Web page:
Maternal health

My nipples are sore and/or cracked and I have been suggested to reduce the duration of breastfeeds to allow them to heal. Will this solve my problem?
NO! The problem can be solved by correcting the cause which created it - normally a sub-optimal latch. Reducing the lenght of feeds will not help and might severely compromise your milk supply and your baby's growth.  A lactation expert can help you identify the cause of your problem and correct it.
 
I have been diagnosed breast infection (mastitis): can I continue breastfeeding?
YES! You can and you should. Breastfeeding not only is safe  in case of breast infection but will also helpyou heal faster. Frequent emptying of the infected breast is very important. Consider having your baby's latching checked by a specialist to make sure he/she can empty your breasts effectively. A shallow latch might be partially responsible for the breast infection: ineffective emptying of breasts can lead to engorgements - untreated engorgements can lead to mastitis.
 
I have got a flu. Can I breastfeed?
YES! You can and you should. You baby has in any case been exposed to the pathogens responsible for your flu. Your milk will provide him/her the immunity factors needed to fight the germs and protect him/her against the disease. Breastfed babies do not fall sick or they catch a much lighter form of the disease compared to non-breastfed ones.
 
What about other communicable diseases? It breastfeeding safe?
Breastfeeding is safe with most of the common communicable diseases, as the child has been in any case exposed to the pathogens responsible for your disease and breastmilk will give him/her immunity protection. Nevertheless different protocols exist for different communicable diseases and these can vary according to a particular mother and child's specific circumstances (eg: child's overall health status, gestational age, etc.): in case of any communicable disease other than simple flu/cold you should ask a doctor and a lactation consultant's advise in order to evaluate the safety of breastfeeding in your individual case and select the medications which are most compatible with breastfeeding.
 
I am on medications for a specific health problem and the doctor advised me to stop breastfeeding. What should I do?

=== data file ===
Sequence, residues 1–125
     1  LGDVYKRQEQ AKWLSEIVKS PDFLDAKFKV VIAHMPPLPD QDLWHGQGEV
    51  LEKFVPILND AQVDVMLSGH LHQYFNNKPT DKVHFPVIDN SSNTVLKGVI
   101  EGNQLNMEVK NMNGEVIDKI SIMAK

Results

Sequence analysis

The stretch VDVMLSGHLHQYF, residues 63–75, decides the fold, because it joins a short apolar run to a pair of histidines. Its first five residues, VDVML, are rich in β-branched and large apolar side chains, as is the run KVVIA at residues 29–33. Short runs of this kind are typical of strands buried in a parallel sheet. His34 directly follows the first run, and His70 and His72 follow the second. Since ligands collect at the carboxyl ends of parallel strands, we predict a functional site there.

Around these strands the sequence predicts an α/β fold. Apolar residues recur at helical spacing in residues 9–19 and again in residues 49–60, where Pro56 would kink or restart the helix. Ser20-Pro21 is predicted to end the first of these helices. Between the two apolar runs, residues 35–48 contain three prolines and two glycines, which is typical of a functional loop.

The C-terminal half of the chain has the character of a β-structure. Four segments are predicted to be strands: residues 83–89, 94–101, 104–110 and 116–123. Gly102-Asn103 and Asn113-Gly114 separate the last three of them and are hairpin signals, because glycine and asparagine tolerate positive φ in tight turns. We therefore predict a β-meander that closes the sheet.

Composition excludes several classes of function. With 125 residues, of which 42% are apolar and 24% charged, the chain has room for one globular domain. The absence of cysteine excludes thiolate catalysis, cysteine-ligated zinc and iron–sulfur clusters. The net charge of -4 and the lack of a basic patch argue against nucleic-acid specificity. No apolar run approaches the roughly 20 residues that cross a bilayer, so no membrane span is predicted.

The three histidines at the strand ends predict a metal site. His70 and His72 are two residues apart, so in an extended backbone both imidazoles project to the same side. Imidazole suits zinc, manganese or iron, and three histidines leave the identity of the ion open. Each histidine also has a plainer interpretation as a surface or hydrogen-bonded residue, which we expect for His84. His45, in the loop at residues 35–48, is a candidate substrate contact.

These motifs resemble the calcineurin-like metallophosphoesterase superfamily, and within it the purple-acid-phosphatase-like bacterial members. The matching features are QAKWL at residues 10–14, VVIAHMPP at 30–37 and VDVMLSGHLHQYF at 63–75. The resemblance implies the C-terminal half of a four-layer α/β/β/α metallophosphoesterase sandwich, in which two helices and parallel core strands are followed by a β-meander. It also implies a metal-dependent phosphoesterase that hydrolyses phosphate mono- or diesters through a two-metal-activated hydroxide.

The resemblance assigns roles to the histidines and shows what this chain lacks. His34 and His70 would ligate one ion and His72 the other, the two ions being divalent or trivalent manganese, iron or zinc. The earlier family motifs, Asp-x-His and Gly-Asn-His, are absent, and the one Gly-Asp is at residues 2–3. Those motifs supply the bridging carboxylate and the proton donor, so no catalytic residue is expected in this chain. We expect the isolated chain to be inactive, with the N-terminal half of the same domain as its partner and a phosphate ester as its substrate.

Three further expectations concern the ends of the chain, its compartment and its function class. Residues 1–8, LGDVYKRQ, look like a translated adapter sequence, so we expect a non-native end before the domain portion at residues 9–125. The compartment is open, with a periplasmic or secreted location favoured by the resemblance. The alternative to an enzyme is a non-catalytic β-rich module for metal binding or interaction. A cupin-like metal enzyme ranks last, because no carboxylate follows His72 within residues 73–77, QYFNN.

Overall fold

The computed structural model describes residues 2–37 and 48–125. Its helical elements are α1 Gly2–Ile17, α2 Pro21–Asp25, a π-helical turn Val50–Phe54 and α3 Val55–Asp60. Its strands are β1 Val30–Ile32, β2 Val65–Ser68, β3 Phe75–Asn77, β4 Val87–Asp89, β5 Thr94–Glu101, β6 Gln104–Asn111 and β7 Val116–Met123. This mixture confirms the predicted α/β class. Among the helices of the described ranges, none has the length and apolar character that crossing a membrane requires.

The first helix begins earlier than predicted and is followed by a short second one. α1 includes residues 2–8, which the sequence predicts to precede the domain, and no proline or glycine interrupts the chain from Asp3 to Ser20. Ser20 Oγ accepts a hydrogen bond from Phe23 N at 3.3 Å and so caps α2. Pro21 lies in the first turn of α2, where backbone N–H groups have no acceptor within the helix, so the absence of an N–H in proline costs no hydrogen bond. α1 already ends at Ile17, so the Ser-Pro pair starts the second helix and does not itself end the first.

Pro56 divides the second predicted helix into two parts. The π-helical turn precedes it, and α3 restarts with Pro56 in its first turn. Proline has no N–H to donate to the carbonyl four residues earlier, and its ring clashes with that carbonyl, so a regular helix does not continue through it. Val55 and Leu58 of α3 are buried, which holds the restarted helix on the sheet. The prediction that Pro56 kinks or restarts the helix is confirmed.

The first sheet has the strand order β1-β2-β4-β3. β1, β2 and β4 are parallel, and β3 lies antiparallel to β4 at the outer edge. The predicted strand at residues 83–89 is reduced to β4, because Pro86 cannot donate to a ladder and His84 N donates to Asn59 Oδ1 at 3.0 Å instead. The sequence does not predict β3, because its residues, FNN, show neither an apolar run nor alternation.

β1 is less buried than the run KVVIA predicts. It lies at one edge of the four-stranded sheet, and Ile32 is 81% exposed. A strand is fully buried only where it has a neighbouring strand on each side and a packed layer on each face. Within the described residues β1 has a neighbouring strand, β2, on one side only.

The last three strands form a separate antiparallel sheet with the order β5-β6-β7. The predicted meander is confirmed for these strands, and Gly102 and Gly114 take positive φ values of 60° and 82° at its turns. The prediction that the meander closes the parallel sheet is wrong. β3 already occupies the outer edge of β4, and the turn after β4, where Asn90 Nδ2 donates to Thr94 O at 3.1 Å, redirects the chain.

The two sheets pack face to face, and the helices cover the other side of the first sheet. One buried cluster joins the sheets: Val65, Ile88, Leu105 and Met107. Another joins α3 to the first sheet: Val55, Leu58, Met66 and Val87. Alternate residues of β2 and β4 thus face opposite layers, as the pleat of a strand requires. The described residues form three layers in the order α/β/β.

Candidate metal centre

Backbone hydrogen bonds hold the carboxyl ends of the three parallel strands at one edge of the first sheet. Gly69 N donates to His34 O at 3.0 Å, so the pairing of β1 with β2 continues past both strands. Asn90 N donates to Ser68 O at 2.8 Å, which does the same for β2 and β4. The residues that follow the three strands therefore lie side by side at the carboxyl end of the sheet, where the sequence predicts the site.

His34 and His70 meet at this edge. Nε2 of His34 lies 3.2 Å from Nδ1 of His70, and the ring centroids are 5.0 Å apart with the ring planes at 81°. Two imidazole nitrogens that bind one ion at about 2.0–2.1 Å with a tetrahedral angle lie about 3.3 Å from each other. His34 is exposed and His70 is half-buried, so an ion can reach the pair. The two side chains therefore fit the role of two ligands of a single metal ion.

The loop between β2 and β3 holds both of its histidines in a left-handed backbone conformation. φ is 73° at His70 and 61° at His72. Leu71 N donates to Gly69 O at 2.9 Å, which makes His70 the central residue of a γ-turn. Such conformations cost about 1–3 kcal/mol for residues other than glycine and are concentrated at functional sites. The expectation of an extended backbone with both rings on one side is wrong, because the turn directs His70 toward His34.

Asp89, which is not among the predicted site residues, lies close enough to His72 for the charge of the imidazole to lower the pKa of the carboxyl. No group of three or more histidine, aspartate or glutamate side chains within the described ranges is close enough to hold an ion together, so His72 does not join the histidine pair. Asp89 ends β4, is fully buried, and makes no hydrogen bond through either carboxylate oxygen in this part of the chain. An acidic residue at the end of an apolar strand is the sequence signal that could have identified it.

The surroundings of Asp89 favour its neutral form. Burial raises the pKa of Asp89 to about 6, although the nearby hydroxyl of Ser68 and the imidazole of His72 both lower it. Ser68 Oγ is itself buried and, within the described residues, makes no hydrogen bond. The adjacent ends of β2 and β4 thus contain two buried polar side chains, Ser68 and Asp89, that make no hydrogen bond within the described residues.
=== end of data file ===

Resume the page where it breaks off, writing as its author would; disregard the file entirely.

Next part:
Nowadays we can select from a pretty wide variety of medications for the same health problem. When a prescribed medication is not compatible with breastfeeding there is normally at least one alternative which will not be harmful to your baby. Before giving up the benefits of breastfeeding, contact a lactation consultant and ask her to help you find alternatives to your current medication. She will consult your own doctor and your child's pediatrist  and evaluate with them costs and benefits of several options in order to select the medication which will help you the most without affecting your baby.
 
What should a breastfeeding mother eat in order to keep herself and her baby healthy?
A wide variety of healthy, locally grown, seasonal, fresh foods: plently of fruits and vegetables, grains, protein rich foods like pulses, eggs, a bit of dairies (if well tollerated by the child), fish and poultry (if the mother is not vegetarian), small quantity of fats. Always better not to exceed with sugars. Avoid junk food.  A normal healthy diet with a little extra caloric intake is all that is needed.
 
Do I need to take a multivitamin complex while breastfeeding?
No. A varied, balanced diet, rich of fresh and seasonal foods normally sufficies.
 
Should I drink a lot of milk in order to produce milk?
NO! There is no connection between the milk you drink and the milk you produce. Dairies are indeed the most common cause of allergies and intolerances in newborn children: better limiting their consumption.
 
 
 

 
Comments